Sunday, 8 November 2020

Cover Reveal for His Hidden Wife

Just a quick post today as I have recently had the cover reveal for my next psychological thriller, HIS HIDDEN WIFE. My fourth thriller! How did that happen? It doesn't seem any time at all since my debut was published. Time certainly works in mysterious ways when it comes to writing books.

I actually think that seeing the cover for the first time is the most exciting part of the publishing process and I've been delighted with all of them. 

Every single one.

In fact, I'm still trying to decide which one is my favourite... maybe this one (but then I say that every time a new book comes out).

I'm really lucky because I've had the same cover designer for each of my novels. She uses a different colour combo for each and makes sure the 'motif' is strong: a pair of children's shoes, a pink hair band, black and white flowers and now a set of rings. Each giving a hint of what is to come in the book.

She also always uses the same font for the title and author name. This is so that when readers see it, they will, hopefully, recognise it as part of the Wendy Clarke 'brand'. Branding was mentioned a lot when I first signed with my publisher, Bookouture, but it's only now I have four books that I can definitely see what they mean. Don't they look lovely together... not that I'm biased or anything!


His Hidden Wife will be published by Bookouture on February 4th but you can pre-order it right now (only if you want to, of course!)

Amazon       Apple       Kobo       Google

Monday, 26 October 2020

Behind the Closed Doors of a Thriller Writer - Guest Post Sadie Ryan

This week, I welcome online friend and thriller writer, Sadie Ryan, to my blog. She's the author of Behind Closed Doors and When He Finds You. I've been asking her about her novels and writing process. I hope you enjoy her answers as much as I did.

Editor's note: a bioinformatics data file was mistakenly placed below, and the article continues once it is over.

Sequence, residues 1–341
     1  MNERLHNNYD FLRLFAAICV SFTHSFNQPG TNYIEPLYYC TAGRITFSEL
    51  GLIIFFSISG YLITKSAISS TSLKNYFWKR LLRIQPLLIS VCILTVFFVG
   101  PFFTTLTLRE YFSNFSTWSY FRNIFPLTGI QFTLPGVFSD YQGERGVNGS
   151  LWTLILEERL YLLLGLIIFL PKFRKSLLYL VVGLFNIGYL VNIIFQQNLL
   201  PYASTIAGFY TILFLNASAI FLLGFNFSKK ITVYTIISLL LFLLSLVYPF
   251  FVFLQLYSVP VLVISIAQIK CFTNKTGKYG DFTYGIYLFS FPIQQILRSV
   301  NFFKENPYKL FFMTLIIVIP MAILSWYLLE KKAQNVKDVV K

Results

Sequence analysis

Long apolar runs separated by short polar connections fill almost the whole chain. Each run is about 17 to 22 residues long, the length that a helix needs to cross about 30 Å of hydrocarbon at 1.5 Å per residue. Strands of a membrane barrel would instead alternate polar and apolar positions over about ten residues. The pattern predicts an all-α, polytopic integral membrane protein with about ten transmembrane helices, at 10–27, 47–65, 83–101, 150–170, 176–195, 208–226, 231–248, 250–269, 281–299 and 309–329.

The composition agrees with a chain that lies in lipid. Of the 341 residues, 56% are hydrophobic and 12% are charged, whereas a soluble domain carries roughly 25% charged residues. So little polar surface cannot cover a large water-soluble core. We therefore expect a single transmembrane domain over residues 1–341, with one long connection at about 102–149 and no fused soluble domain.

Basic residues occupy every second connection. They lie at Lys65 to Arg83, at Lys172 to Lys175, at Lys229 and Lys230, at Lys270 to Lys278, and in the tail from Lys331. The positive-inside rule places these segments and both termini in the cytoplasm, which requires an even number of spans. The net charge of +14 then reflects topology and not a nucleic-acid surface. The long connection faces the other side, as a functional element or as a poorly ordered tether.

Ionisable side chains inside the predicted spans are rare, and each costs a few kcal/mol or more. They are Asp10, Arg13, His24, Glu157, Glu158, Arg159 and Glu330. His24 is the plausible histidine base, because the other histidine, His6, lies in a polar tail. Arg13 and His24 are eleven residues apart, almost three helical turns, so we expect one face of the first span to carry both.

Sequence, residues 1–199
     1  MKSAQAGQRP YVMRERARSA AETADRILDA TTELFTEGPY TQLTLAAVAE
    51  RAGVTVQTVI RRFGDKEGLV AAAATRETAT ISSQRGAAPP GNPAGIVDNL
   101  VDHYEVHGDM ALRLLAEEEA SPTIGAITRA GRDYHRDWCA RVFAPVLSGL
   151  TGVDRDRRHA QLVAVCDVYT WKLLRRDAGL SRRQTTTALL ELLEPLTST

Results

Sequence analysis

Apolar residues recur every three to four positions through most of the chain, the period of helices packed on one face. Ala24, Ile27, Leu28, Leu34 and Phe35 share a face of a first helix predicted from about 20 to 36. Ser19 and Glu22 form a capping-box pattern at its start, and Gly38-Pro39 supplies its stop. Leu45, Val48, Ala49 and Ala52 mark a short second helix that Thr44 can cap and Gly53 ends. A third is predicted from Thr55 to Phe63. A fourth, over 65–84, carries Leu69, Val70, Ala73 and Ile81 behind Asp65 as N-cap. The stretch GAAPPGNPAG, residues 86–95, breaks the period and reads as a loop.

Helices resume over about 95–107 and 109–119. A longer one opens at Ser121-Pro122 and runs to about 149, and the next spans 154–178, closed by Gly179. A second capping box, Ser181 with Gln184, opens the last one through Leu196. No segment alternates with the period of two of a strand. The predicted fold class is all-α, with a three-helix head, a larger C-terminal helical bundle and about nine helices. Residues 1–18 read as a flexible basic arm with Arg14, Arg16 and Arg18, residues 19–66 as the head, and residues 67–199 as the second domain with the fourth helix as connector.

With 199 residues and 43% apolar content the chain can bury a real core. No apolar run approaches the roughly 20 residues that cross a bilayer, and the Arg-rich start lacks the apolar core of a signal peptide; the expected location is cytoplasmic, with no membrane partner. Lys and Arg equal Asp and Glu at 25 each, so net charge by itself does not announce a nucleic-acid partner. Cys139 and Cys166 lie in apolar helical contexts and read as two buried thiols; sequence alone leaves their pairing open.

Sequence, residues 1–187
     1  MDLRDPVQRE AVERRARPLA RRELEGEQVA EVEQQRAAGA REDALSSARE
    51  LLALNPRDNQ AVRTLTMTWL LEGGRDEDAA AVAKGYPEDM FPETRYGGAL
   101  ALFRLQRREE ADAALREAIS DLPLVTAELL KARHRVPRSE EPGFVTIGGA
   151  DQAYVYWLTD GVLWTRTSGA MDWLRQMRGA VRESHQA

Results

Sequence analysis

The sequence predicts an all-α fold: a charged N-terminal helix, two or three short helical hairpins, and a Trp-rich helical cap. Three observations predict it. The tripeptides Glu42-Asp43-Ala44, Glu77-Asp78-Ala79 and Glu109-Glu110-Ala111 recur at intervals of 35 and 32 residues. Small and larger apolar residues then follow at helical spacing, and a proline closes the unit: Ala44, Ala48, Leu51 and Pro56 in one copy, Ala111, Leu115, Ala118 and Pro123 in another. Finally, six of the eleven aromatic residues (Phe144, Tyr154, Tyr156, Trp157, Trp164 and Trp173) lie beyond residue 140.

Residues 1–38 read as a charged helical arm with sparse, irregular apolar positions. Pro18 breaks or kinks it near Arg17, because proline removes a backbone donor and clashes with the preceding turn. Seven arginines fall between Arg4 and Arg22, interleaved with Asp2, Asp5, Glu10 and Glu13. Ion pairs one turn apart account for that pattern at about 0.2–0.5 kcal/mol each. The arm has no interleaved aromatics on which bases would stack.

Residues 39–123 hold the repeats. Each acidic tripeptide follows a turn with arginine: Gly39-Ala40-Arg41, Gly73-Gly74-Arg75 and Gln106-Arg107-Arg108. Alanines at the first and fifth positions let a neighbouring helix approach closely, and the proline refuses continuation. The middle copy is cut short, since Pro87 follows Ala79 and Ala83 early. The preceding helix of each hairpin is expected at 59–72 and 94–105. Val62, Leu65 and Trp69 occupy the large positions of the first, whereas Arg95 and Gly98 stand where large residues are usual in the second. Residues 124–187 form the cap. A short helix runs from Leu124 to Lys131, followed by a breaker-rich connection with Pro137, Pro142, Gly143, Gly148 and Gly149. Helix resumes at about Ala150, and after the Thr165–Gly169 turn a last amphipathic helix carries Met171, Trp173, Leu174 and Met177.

You’ve written two thrillers. Have you ever been tempted to write in a different genre?

I’m now writing crime thrillers/police procedurals. Before I was published I used to write romance and rom/com. Then I had a break of five years with my writing and when I came back to it, I kind of lost my mojo for romance. After going through a divorce, moving house five times in five years, I guess I became a little cynical about romance.  I have wondered about going back to it now, but when I do have a go they end up too dark! LOL. What does that say about me! 


Do you remember where you were and what you were doing when the idea for your latest novel came to you?

The idea for When He Finds You came two me a couple of years ago, when Steve and I were out with friends for dinner and I overheard a conversation on the table behind me.

Can you describe it in one sentence?

You never know how far you will fall until you're pushed.


Are you a plotter or a pantster and how long does it take you to write your thrillers?

I’m definitely not a plotter.  If I’m left alone and didn’t have to work, I could write them in six weeks. Once I get going it’s full on. Sadly, I have a day job so I write in the evenings and weekends, sometimes into the early hours when it’s all flowing. So they usually take me three months.